Home Finance Taxes How to file your income taxes in France
Last update on June 04, 2021
Written by Valentine Sergon

The French tax return (déclaration des revenus) is the first step to paying your income taxes in France. As an expat living in France, you will need to know the French tax regulations and learn how to file your tax return online.

This guide provided by Elitax, a one-stop shop for assistance with French taxes, explains everything you need to file your French tax return, including which expenses can be deducted on your tax form, such as childcare expenses, energy-efficient technologies, or hiring domestic help.

Elitax

Elitax’s services span the full spectrum of tax advice, assistance, and support to meet the specific needs of the individual expatriate in France. Their primary focus is income and wealth tax returns, where they assist expats on positioning, preparation and processing of the returns during thorough personal consultations. Elitax also provides tax representation, tax training and tax audit support. 

Income tax in France

The income tax system in France

The French social security system is one of the most generous in the world and receives funding from hefty taxes.

The Ministry of Economy and Finance taxes any income made in France, as well as worldwide income of French residents. Since 2019, income tax has been organized through a Pay As You Earn (PAYE) system, where you pay tax as a monthly deduction from your salary.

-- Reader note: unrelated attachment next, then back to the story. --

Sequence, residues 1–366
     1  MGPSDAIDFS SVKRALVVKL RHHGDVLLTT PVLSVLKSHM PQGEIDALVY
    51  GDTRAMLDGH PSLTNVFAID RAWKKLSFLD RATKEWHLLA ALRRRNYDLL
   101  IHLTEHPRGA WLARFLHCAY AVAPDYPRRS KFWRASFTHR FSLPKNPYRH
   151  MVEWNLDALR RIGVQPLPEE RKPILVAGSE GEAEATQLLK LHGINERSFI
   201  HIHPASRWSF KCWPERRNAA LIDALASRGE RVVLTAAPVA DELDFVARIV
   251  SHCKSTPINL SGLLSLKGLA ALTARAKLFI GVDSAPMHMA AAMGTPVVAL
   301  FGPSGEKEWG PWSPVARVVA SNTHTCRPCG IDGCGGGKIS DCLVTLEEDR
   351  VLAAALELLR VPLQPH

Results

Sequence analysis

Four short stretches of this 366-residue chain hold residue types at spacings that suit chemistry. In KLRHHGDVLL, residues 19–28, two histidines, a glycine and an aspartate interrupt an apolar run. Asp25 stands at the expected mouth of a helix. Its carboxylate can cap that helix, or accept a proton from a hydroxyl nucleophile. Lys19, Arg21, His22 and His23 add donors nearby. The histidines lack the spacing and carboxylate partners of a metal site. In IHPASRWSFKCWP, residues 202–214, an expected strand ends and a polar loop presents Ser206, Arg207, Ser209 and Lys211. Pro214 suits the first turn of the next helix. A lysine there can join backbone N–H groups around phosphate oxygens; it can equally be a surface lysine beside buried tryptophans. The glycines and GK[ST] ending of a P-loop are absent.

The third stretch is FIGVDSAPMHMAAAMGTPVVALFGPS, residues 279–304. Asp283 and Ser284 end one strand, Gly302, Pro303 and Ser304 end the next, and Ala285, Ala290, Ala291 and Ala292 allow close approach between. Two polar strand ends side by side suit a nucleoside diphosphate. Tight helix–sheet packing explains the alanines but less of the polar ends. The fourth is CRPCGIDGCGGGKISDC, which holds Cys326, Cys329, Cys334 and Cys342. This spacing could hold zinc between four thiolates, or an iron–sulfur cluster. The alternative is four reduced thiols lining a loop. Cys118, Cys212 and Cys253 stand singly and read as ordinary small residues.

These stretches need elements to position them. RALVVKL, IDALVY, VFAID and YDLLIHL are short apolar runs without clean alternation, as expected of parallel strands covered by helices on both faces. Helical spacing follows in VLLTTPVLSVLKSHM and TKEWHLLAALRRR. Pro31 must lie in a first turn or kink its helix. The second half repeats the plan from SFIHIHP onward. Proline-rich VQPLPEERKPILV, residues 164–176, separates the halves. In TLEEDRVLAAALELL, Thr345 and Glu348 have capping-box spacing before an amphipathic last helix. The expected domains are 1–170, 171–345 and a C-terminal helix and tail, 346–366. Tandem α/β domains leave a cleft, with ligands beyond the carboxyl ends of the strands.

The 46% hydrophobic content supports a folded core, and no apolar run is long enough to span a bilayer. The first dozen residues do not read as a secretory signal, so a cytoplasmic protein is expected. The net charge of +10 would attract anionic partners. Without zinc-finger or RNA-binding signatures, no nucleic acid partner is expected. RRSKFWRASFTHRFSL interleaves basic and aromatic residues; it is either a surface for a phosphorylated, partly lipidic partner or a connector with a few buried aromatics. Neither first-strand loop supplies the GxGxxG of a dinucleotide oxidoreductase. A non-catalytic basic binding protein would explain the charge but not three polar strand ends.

If you’re conventionally employed, your employer receives your tax rate from the government and withholds the corresponding monthly amount from your salary. Contributions to social security are separate from your income tax payments.

Who pays income tax in France?

Under French law, you are a resident in France for tax purposes if you meet any one of the following four conditions:

  • your permanent home (habitual home for you and/or your family) is in France;
  • you spend most of your time in France (at least 183 days during a calendar year, or even less if you spend more time in France than in any other country);
  • your professional activity is in France;
  • the center of your economic or financial interest is in France.
Calculating income tax

Who is exempt from income tax in France?  

The French government offers credits for tax residents who are elderly and/or disabled. Additionally, if you earn less than €10,084 annually, you shouldn’t have to pay income taxes. Beyond this, there are plenty of tax credits you can claim while filing your tax return.

Earnings subject to income tax France

Taxes on income and salary in France

Everyone who pays taxes in France is taxed on income made from French sources. This means that you pay taxes on:

  • employed and self-employed income
  • investments
  • dividends
  • bank interest
  • pensions
  • property
  • pensions and annuities
  • some business income

Taxes on savings and investments

Since 2019, income from savings and investments has been taxed at a flat rate of 30% – consisting of income tax of 12.8% and social charges of 17.2%.

Taxes on rental income

If you earn an income on rental properties in France, you must notify the tax authorities about the details in your tax return, and this income will also be taxed using the PAYE system. The same rates apply as income from employment.

How to file your tax return in France

If your house has internet access, you must file your tax return online.

Though most people will pay their income taxes through the PAYE system, some exceptions do apply. These include investment income (including gains from life insurance policies), capital gains from financial investments and real estate, and non-French income.

Income tax deadlines in France